15 Benefits of the Incline / Decline Bench
What does a decline bench press do? What is the difference between incline and decline bench? People have been asking these questions for as long as this type of equipment has existed. The bottom line is this: the difference between the incline and decline bench is in the muscle groups they target. If you want a big, bulky upper body profile do incline presses. If you want the sharp line of demarcation undercutting your pecs ala bodybuilders, do decline presses. If you want a balanced appearance it’s not a matter of incline vs decline bench: do both.
15 Benefits of Inclining and Declining Benches
Both types of bench deliver their own benefits. If you want a balanced appearance you won’t be doing one without doing the other and you’ll mix in some weight bench leg exercises too. So here, in no particular order, are 15 benefits delivered by decline and incline benches.
Benefits of a Decline Bench
1. Increase activation of the pecs
Pressing on a decline bench shifts stress from the shoulder to the pecs which promotes their development and contributes to better definition.
2. Lift more weight
Lifting at a declining angle stimulates muscle fiber to a greater degree than flat presses allowing you to build additional bulk and lift larger amounts.
3. Muscle Beach here we come
The declining bench press activates the lower pecs and helps create size and definition across the base of the chest mass ala classic Charles Atlas pics.
4. Reduce lower back stress
Arching the back during a standard bench press can create incredible and unnatural stresses on the lower back. One of the benefits of a decline bench is that much of this stress is alleviated.
5. Reduce shoulder pain
The other half of activating your pecs as mentioned above is reducing stress on your shoulders. A decline bench will remove most of the shoulder motion that causes pain on a flat bench and redirect the force to the pecs where it can do some good.
6. Increase versatility
Moving your hands just a bit will shift the focus to other muscle groups and allow you to broaden the impact of your workout with minimal effort.
7. Take your shoulders out of the mix
Shoulder mobility can interfere with weighted dips but is a non-issue when working off a declining bench.
8. Get the most out of your effort
Muscle activation has been shown to increase significantly with the decline vs flat bench press. So if you want to get the most bang for your exercise buck, tip the bench down.
Benefits of Incline Bench Press
9. Mass, mass, mass
When deciding between the incline bench press or flat bench press remember the inclined will activate your upper pecs better. If what you’re after is a classic Arnie-type upper body you’ll want to hit the incline bench hard and keep at it.
10. The other way to relieve stress on the back
As with the decline, one of the main benefits of the incline bench is that it will remove stress from your lower back; the kind produced when doing presses on a flat surface.
11. It’s a nice break
It’s important not to burn out mentally during a routine. Your mind plays such an enormous role in your ability to exercise effectively that you need to respect that and give it a break from the monotony of the flat bench every once in a while.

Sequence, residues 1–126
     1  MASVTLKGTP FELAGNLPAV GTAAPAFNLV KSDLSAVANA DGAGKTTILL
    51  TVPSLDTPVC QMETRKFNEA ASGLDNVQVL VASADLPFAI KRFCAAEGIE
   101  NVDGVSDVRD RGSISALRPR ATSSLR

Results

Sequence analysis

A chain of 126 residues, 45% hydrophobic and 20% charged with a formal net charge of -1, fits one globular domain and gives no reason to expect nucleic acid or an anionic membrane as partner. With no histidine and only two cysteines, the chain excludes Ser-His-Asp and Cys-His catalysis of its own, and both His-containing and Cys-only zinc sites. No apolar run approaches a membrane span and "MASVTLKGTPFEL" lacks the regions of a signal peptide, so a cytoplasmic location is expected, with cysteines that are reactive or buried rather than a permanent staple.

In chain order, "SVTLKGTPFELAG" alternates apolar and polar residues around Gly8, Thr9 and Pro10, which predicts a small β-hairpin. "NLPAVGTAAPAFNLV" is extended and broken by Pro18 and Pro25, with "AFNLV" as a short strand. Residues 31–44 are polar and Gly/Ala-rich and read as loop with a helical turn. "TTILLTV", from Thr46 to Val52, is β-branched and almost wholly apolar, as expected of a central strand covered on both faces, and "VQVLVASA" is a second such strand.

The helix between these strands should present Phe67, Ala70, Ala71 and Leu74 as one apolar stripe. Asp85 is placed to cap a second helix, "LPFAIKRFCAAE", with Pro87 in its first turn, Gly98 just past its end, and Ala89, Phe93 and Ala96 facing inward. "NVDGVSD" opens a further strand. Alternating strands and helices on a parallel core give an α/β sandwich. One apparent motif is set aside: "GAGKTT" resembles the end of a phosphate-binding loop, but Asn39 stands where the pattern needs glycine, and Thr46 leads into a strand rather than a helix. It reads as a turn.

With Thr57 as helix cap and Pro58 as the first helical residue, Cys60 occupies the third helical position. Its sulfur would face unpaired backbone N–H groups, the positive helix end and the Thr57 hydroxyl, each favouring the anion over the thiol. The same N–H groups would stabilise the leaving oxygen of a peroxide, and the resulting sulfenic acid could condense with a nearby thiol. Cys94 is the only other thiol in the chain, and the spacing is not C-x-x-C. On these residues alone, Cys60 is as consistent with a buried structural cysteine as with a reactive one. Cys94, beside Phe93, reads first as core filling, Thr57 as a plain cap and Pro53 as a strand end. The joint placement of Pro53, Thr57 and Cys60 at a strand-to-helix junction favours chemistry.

12. Build extra muscle
The extra muscle mass you add on either an incline or decline bench can be put to use when you hit the flat bench again.
13. Develop greater focus
Heightened awareness of particular groups of muscles involved in bench press is an important benefit of working on an incline bench. Better understanding your body and how it works will help you in many ways going forward.
14. Work otherwise underutilized muscles
The incline bench press not only works the upper clavicular pecs but gives plenty of work to the delts as well.
15. Balance, balance, balance
Who wants a bottom heavy chest? Make sure you balance any work you do on the decline bench with work on the incline bench in order to achieve a more natural shape to your upper body.
The Correct Angle for Incline vs Decline Bench Press
The higher the incline press angle the more you’ll be engaging your shoulders in the lifting process which can lead to shoulder strain/pain if you overdo it. Likewise the flatter you go the more you engage your lower back which can lead to strains in that area. To start, many advise a middle of the road angle of about 30 degrees to balance the muscles used when bench pressing on an angled bench. Once you acclimate you can vary things a few degrees this way or that depending on the versatility of your equipment.
With your decline bench press form it’s largely the same. You don’t need to set your bench to an extreme angle in order to enjoy the benefit of the decline bench press. Common settings are anywhere from 15 to 45 degrees with 45 being somewhat on the extreme side. Remember the more extreme the angle the busier your brain will be trying to keep everything in balance. You want a quiet mind while lifting so stay away from the extreme angles and enjoy yourself.
If you're interested in getting a weight bench for your personal home gym check out our massive guide here. If you want to learn more about the differences between the different types of benches you can learn about ab sit up benches here. For our review on the Fitness Gear Utility bench click here. All information in the mentioned articles is up to date for 2016.